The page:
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A Brief History of Nativism: Anti-Immigrant Bigotry in the American Past

Often thought of as a nation of immigrants, at times the United States has also been a nation of nativists. Nativism, the fear of and hostility toward immigrants or other perceived “aliens,” has been a mainstay of the American political landscape, even if xenophobic agitating has at times receded. At times, the U.S has been a refuge for the “homeless, tempest-tost.” At other times, Americans have lashed out against newcomers, and made them the victims of mob violence, discriminatory legislation, and populist demagoguery. Both inclusiveness and nativism date to the founding of the country.

Nativism and xenophobia have played noteworthy roles at particular junctures of American history: the antebellum period characterized by the activism of the “Know-Nothings,” the 1920’s with the ascendancy of scientific racism and the re-emergence of the Ku Klux Klan; and the contemporary anti-immigrant movement. In a special seven-part series “A Brief History of Nativism”, IREHR provides overview of these major movements, as well as the accompanying shifts in American immigration policy and their consequences.

A Brief History of Nativism

Part I: Colonial Dreams and Independent Reactions

During the colonial period, right up to the latter years of the eighteenth century, colonists viewed the North American continent as a vast, unpopulated wilderness. A constant and growing demand for labor was filled in part with enslaved Africans and indentured Europeans. There was a general perception, particularly in the early years of colonization, that more immigrants were desperately needed to insure the continued prosperity of the colonies.

The American Declaration of Independence cited England’s reluctance to encourage migration to the Atlantic colonies as one of the colonists’ grievances. The signers charged that George III had “endeavored to prevent the population of these States” by “obstructing the Laws of Naturalization of Foreigners” and by “refusing to pass others to encourage their migration hither.”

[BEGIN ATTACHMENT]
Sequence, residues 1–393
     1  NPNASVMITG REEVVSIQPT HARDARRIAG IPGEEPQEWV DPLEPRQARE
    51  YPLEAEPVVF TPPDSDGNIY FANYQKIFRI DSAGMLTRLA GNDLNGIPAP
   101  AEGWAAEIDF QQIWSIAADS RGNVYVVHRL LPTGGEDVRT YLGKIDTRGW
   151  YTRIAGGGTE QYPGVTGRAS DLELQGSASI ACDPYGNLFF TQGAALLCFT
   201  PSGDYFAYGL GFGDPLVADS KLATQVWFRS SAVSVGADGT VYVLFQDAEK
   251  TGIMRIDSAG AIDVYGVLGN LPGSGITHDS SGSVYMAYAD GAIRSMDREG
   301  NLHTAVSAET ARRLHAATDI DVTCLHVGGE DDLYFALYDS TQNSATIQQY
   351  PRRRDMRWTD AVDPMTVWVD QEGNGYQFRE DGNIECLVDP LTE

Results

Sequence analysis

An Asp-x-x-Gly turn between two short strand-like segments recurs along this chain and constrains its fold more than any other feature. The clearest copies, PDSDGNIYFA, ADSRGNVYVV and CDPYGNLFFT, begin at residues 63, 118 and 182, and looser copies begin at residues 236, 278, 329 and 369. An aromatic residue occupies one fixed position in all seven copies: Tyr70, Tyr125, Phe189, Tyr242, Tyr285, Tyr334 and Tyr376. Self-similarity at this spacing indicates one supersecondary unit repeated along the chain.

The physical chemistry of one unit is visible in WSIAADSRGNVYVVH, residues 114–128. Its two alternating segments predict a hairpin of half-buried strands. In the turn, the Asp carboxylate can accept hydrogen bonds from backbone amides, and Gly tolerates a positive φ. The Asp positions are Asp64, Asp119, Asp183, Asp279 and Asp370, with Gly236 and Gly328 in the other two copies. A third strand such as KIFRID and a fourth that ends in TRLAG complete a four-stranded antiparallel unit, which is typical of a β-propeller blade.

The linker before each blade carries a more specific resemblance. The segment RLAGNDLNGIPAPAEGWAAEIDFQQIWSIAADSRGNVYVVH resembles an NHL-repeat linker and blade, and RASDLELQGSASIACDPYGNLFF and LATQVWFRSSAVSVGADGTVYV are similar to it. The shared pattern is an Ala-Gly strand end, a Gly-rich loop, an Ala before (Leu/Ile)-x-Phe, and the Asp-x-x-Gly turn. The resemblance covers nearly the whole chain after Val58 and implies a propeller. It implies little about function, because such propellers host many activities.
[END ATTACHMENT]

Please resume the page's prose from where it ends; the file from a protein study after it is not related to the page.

In the new republic, however, this unabashedly pro-immigrant stance quickly became contentious. By 1790 Congress put racial exclusion at the core of U.S. immigration policy, passing the Act of March 26, 1790 (also known as the Naturalization Act of 1790). This act limited the acquisition of American citizenship to immigrants who were “free white persons” of “good character,” thus reinforcing the enshrinement of chattel slavery in the Constitution.

Issues of race and immigration intertwined in the fledgling days of the country, bound together by the “original sin” of slavery. Historian Eric Foner, in his book, The Fiery Trial, noted that “The Naturalization Act of 1790 barred black immigrants from ever becoming citizens; the Militia Act of 1792, which established ground rules for a central responsibility of citizenship, limited service to whites.”

Anti-immigrant sentiment also quickly became political. When the governing Federalists recognized that the majority of immigrants tended to support Jefferson’s Democratic-Republican faction, so they passed the Alien and Sedition Acts. This 1798 series of four laws (1) raised the residency requirement for naturalization from five to fourteen years, (2) authorized the president to summarily deport any “alien” considered “dangerous to the peace and safety of the United States,” (3) further authorized the president to deport any alien whose country of origin was at war with the United States, and (4) criminalized any anti-government communications considered “false, scandalous, and malicious.” The fourth law, known as the Sedition Act, was widely condemned, while the onus of the other three obviously fell disproportionately upon immigrants. All of these acts except the third were eventually repealed or expired.

Coming up next, Knowing Nothing in Antebellum America…

Devin Burghart

Author Devin Burghart

is vice president of IREHR. He coordinates our Seattle office, directs our research efforts, and manages our online communications. He has researched, written, and organized on virtually all facets of contemporary white nationalism since 1992, and is internationally recognized for this effort. Devin is frequently quoted as an expert by print, broadcast, and online media outlets. In 2007, he was awarded a Petra Foundation fellowship. more...

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